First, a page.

Archive for May, 2019

Gamble United Pin-Leasing Service (1960)

May 30, 2019

Brunswick or AMF?

May 28, 2019

In Chicago, where I come from, baseball loyalties are sharply divided.  You are either a Cubs fan or a White Sox fan—never both.  It’s mostly a geographic thing, North Side versus South Side.  When I was growing up in the 1950s, there was a similar schism among the city’s bowlers.  The question then was, are you Brunswick or AMF?

Affiliation had nothing to do with geography.  Your bowling loyalty depended on the house in which you’d learned the game, and the type of equipment they had.  It was like your religion or political party, something you were born into.  In my own case, I started bowling at Habetler Bowl.  So, naturally, I was a Brunswick man.

Everything was ordered.  Like all my friends, I bought my Black Beauty at Buddy Bomar’s store.  Don Carter won all the tournaments, and guys like Lillard and Nagy and Day ruled on “Championship Bowling.”  And if you were of the female persuasion, there was Marion Ladewig to follow.  That was our world.

1970—Still loyal to Brunswick!

Our one apostate was Steve the Greek.  For Steve, being cool was the most important thing in life.  His favorite bowler was Johnny King, the coolest dude this side of the “77 Sunset Strip” TV show.  So when Cool Johnny joined AMF, Steve dumped all his Brunswick gear, replacing it with anything that had the Magic Triangle logo.  But then, Steve always did things backwards—he was left-handed.  And who ever heard of a lefty bowler?

When you grew up in a Brunswick house, there were certain things you knew.  It was an established fact that Brunswick alleys hooked more, producing higher scores.  Furthermore, AMF approaches were always tacky—except when they were too slippery, and you fell down.  AMF may have invented the automatic pinsetter, but their machines looked dumb, with the pins hanging out in the open in those cheesy slots.  And they were too noisy.  As for the T-square ball returns, they were a disaster if you took a five-step approach.  There was also the matter of color.  AMF was all yellow and red and brown, like stale scrambled eggs.  The true color of bowling was Brunswick Blue.

If we needed any further proof of Brunswick superiority, there was “Championship Bowling.”  For years it was a showcase for high scores and Brunswick stars.  Then, around 1962, the program abruptly switched to AMF.  Fred Wolf was still doing the commentary, but now guys were winning matches with 590s.  What did that tell you?

Still, there was Dick Weber.  By this time he had become the World’s Greatest Bowler, and he was AMF.  How to explain that?  You couldn’t—except to say that Weber might have won even more tournaments if he’d had the right equipment.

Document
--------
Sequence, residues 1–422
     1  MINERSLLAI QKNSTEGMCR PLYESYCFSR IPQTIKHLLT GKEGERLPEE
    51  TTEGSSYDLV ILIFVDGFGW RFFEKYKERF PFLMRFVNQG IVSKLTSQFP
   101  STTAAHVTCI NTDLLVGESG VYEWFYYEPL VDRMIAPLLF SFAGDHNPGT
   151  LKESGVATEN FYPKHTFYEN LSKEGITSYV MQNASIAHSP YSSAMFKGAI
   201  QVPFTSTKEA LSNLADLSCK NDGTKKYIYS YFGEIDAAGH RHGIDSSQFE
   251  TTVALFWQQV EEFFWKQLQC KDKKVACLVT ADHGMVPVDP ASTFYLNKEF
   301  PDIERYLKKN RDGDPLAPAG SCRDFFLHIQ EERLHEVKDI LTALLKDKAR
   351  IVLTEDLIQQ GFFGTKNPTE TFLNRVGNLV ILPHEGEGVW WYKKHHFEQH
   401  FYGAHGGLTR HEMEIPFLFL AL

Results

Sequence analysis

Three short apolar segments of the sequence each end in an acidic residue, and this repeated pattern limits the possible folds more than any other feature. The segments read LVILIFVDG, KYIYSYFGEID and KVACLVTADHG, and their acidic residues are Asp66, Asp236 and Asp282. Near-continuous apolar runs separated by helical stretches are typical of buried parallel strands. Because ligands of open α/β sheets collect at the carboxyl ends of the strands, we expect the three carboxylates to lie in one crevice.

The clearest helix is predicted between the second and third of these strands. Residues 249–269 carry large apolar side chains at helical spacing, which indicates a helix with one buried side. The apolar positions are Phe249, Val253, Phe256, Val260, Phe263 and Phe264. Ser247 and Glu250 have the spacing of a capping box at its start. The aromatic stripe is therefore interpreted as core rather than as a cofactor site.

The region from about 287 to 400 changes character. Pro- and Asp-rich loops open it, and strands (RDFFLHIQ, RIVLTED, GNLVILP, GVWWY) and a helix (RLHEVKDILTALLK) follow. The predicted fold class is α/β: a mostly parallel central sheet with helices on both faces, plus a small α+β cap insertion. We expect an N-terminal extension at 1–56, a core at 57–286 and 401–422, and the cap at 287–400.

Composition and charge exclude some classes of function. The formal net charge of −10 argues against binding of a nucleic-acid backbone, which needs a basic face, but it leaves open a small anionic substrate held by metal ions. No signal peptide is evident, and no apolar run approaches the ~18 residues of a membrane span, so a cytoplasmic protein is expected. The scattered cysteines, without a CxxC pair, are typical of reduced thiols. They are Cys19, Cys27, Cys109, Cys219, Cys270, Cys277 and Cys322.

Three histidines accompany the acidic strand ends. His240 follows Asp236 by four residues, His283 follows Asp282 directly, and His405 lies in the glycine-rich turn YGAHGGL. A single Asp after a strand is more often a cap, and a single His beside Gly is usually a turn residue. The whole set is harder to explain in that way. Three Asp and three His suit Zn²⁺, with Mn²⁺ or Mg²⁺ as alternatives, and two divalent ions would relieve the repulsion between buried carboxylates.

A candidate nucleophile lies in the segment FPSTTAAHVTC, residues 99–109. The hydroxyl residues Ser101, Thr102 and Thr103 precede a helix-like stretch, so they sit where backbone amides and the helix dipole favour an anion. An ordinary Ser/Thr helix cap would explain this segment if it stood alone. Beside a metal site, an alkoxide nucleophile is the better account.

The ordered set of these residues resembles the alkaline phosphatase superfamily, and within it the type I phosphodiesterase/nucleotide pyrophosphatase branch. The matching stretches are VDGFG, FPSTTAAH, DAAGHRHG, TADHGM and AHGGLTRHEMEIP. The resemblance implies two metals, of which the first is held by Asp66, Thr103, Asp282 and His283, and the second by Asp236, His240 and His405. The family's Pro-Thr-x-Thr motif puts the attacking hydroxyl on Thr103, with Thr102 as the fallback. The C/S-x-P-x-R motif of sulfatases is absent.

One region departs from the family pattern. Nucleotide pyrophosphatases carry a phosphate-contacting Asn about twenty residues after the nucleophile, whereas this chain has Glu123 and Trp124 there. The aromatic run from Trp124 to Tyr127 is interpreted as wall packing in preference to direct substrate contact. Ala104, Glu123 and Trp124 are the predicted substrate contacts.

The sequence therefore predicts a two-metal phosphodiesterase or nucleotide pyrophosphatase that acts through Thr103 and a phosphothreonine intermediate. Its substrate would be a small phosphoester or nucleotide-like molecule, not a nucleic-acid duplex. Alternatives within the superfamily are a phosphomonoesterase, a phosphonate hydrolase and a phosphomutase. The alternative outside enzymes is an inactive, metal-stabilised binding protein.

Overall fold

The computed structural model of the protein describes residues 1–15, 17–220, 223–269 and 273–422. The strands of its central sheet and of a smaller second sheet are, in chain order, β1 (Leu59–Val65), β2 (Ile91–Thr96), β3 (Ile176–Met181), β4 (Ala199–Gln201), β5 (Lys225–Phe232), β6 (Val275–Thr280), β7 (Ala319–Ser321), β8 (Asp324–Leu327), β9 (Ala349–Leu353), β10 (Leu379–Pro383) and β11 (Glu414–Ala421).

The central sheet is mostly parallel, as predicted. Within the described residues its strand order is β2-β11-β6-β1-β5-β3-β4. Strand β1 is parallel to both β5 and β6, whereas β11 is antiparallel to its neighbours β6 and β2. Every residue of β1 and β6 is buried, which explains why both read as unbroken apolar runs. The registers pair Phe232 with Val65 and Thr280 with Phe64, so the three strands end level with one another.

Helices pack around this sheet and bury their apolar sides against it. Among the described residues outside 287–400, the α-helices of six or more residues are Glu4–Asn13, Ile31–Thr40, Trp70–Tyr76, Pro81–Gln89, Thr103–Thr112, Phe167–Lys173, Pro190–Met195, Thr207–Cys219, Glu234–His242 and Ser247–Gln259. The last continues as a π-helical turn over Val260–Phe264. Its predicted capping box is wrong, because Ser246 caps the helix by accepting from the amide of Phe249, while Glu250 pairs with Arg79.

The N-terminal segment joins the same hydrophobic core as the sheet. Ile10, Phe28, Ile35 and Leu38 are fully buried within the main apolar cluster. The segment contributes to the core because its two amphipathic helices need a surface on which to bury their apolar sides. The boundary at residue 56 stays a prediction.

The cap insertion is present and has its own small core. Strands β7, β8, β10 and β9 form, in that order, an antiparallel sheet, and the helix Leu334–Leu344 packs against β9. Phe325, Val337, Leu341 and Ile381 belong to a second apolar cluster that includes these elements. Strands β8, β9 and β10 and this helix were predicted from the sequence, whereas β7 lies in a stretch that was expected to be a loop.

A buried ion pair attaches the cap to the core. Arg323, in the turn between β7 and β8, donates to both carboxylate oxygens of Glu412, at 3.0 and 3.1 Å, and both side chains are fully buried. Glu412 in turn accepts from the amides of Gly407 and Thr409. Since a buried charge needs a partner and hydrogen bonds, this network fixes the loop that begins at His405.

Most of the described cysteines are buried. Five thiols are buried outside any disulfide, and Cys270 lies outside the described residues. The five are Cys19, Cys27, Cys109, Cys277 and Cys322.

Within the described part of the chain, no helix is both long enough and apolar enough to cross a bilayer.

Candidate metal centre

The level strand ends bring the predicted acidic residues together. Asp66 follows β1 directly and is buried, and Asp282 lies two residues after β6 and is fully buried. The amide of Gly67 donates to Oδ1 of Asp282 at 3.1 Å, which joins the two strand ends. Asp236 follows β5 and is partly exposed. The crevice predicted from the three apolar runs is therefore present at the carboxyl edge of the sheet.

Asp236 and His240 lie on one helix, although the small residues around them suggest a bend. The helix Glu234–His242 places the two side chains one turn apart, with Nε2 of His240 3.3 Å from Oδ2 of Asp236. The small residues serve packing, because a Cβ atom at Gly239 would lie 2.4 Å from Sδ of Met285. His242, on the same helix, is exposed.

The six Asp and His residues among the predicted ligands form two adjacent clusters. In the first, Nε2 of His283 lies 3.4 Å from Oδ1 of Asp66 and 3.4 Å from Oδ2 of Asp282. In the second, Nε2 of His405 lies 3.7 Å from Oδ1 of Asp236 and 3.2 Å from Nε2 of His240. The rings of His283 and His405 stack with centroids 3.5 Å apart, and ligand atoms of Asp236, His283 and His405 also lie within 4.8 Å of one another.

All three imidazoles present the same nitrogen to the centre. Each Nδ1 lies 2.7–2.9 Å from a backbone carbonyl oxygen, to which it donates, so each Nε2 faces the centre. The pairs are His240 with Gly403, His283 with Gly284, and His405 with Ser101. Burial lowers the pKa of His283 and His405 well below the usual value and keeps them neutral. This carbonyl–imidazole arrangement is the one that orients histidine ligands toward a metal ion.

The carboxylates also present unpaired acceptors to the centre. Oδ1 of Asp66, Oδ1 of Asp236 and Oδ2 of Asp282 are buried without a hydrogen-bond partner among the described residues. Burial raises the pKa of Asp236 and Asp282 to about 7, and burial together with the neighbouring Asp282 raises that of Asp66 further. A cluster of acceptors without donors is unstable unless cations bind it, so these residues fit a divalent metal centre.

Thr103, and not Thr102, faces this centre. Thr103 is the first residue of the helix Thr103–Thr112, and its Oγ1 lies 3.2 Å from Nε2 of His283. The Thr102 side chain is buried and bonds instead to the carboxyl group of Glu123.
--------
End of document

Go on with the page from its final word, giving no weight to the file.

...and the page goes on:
Eventually, we started to question our parochial attitudes.  During my last two years of high school, I bowled on the Habetler teen traveling team in an eight-house league.  A majority of the places were AMF, and they weren’t bad.  I suppose my experience was similar to the knee-jerk bigot who gets involved with other racial groups, and discovers they are human after all.  When I rolled my first 700 series, it was in an AMF house.  That gave me something to think about.

College opened even wider perspectives, and induced a large dose of skepticism in traditional beliefs.  My classmates were protesting the Vietnam War, challenging all aspects of American society.  The times, they were a-changin’.  In that spirit, I finally went out and bought an AMF three-dotter.

Yet old superstition dies hard.  At the ABC Tournament, I would always bowl badly in the odd-number years, when AMF was in charge.  The pattern was obvious, and a few times I seriously considered sitting out.  Then I broke the string by doing even worse in a Brunswick year, and I had run out of excuses.

Today I can happily report that I have learned an important lesson in tolerance.  Unthinking prejudice is a terrible thing, and I have a completely open mind on the merits of bowling equipment.  So now I announce it to the world, loud and clear—I will bowl on any lanes and use any ball that gives me higher scores with less effort.

First published in BOWLERS JOURNAL INTERNATIONAL in January 2002.

For this story and 89 more, buy a copy of my book THE BOWLING CHRONICLES.  Available on Amazon.

National Bowling Museum Alleys—St. Louis (1984)

May 26, 2019

111 Stadium Plaza

Buzz Fazio (1960)

May 23, 2019


Bowling Hall of Fame, 1963

#31 Bowler of the 20th Century

All-American, 1951-52, 1952-53, 1953-54, 1954-55, 1957-58

Masters champion, 1955

Match Game Doubles champion, 1951, 1952, 1954

3 ABC championships (1951-TAE, 1958-T, 1958-TAE)

2 PBA titles

Flenners—Chicago (1911)

May 21, 2019

FRONT—Bill Miner, W.S. Flenner (sponsor), Ed Guston REAR—Bill Williams, Ed Hemingway, Andy Hall

ABC Team Champions, 1911

Camelot Bowl—Collinsville, IL

May 19, 2019

123--Camelot Bowl (801 Belt Line Rd)

801 Belt Line Rd. 



Joe Wilman for Manhattan (1939)

May 16, 2019

John Russell Stop-Action (1941)

May 14, 2019

Ebonite Bowling Balls (1962)

May 12, 2019

Tom Kouros—R.I.P.

May 9, 2019


Bowling Hall of Fame, 2009

Author of bowling’s best-selling book (Par Bowling–1976)